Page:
The method of the abdominal thrusts introduced by Dr. Heimlich is for an operator to stand behind the victim, wrap the arms around the waist and place a closed fist in the space between the umbilicus and the sternum, then use the other hand to clasp the closed fist and exert abrupt pressure upward and towards the operator, as if attempting to lift the victim up . Emergency Medical Services must be called as soon as possible, but without delaying attempts at resuscitation. While the use of Heimlich maneuver is still the standard procedure on adults who are conscious but unable to expel the food bolus by coughing voluntarily, some modifications have been recommended by some authorities   . The American Red Cross , Mayo Clinic  and The UK National Health Service (NHS)  suggest applying 5 slaps on the back of the victim after bending them forward. If these fail to expel the obstructing foreign body, repeat the processes until either is successful or the Emergency Medical Staff arrive. The American Heart Association and the American Red Cross (recently) omitted the back slaps; the Australian and New Zealand Resuscitation Council have omitted the abdominal thrusts, for fear of complications, but have continued to recommend the back slaps. When the choking victim is alone, as back slaps are impossible, “auto abdominal thrusts” have been advocated; these are similar to the usual abdominal thrusts but the victims themselves administer them.
Attempts to improve or modify the resuscitation methods have involved, in obese and pregnant victims, to apply the thrusts around the mid-chest region  or to around the base of the sternum ; for infants the recommendation is to straddle them prone on the performer’s forearm and do the abdominal thrusts in that recumbent position  after 5 back blows are done gently with the heel of the hand. Another recommendation is to use the top of the back of a chair or even against a countertop, at the same location as in abdominal thrusts, to apply abrupt pressure onto the abdomen. Several “choking-assistance devices” have also been invented   .
A group from the United Kingdom reported the results of a study in thorax.bmj.com  on the intra-abdominal pressure induced by various measures. These measures included circumferential/horizontal abdominal thrusts, Heimlich maneuver that incorporates the upward and inward thrusts, “Auto-up-thrusts”, abdominal thrusts, “chair thrusts” as described above, and “volitional maximal cough and sniff pressure”. The most increase in the intra-abdominal pressure was recorded with the “chair thrusts” with the help of a “rescuer”, as well as when such thrusts were done by the victim themselves.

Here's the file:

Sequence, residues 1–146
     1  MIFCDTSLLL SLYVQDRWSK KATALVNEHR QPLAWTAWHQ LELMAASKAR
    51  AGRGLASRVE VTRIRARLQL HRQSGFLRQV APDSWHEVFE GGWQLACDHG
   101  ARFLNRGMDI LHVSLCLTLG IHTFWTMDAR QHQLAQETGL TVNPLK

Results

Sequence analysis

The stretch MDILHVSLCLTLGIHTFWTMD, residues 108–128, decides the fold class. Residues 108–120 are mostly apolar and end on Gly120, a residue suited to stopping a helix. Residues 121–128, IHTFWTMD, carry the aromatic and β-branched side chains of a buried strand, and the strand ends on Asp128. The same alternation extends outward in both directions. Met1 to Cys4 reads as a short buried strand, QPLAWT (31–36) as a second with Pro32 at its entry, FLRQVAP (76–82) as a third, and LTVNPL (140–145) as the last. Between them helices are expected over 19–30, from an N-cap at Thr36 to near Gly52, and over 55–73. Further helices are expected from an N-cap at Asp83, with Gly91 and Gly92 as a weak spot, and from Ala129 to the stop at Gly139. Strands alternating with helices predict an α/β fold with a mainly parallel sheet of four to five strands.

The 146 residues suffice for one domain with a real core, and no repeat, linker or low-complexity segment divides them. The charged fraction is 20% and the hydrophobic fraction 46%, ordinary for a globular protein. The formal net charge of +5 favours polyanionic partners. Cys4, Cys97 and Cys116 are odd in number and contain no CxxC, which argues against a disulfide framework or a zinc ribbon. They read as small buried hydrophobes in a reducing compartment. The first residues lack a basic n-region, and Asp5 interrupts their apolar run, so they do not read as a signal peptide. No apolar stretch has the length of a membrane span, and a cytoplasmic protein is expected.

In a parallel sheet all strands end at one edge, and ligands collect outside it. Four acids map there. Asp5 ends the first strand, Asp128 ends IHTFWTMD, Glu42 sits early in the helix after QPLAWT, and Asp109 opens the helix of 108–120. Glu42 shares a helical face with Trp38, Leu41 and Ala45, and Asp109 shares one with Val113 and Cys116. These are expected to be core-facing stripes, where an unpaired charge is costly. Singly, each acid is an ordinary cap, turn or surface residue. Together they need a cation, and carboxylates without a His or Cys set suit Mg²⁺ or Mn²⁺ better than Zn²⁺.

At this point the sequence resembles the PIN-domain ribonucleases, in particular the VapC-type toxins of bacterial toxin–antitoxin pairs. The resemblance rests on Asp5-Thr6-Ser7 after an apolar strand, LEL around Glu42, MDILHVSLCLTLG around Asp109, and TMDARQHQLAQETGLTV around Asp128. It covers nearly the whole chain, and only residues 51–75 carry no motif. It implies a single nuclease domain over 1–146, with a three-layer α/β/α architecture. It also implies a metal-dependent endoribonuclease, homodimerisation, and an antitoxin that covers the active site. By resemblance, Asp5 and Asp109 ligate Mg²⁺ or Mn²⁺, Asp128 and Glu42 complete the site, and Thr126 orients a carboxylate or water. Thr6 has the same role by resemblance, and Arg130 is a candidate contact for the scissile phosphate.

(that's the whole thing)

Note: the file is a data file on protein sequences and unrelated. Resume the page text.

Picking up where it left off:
In this paper, the current author incorporates the best features of the reported methods, as far as effectiveness, paying attention to also the ease of performance and the need for the least physical force. Also, and most importantly, by taking advantage of the effect of gravity, this technique is potentially more effective, is least damaging, and available to all victims in most circumstances where choking takes place over a chunk of food or another foreign body. Further, there is no requirement of any special devices, as chairs and countertops are usually present for performing the “thrust”, at places where food is consumed, such as one’s dining room or at restaurants. A bonus of this technique is the reduced likelihood of injuries to sternum or any internal organs.
2. Materials and Methods
The only material(s) required is a chair or sofa with a sturdy back, or a countertop. If a rescuer is available, they can help by both contacting emergency rescue team, administering the “thumps” after positioning the victim in the appropriate position and in accomplishing the required thrust against the top of the back rest or on a countertop or, in case a chair is not available, by administering the thrust against the rescuer’s own forearm (as shown in Figure 4(b)).
The methods of administering the resuscitation can be described under 3 broad classes. In all the accompanying figures and descriptions a chair is used but any of the other agents described above can be used instead; thus, when the text mentions “chair”, it could be one of the other props mentioned in this paper elsewhere.
1) When a rescuer is available. After calling the emergency professionals, have the victim lean over the back of the chair in an inverted “U” position, such that the whole of the thorax and head are essentially upside down (See Figure 1 & Figure 2).
Figure 1. This is a lateral view of the position of the victim showing the inverted “U” achieved by bending over the top of the backrest of the chair and allowing the victim’s head to rest on the chair. Partial view of the oval with interrupted lines below the root of the neck is just visible; this is the location for administering the thumps.
Figure 2. Position of the victim shown as viewed from the front and to the left; the oval area with interrupted lines just below the root of the neck is where the thumps are to be administered.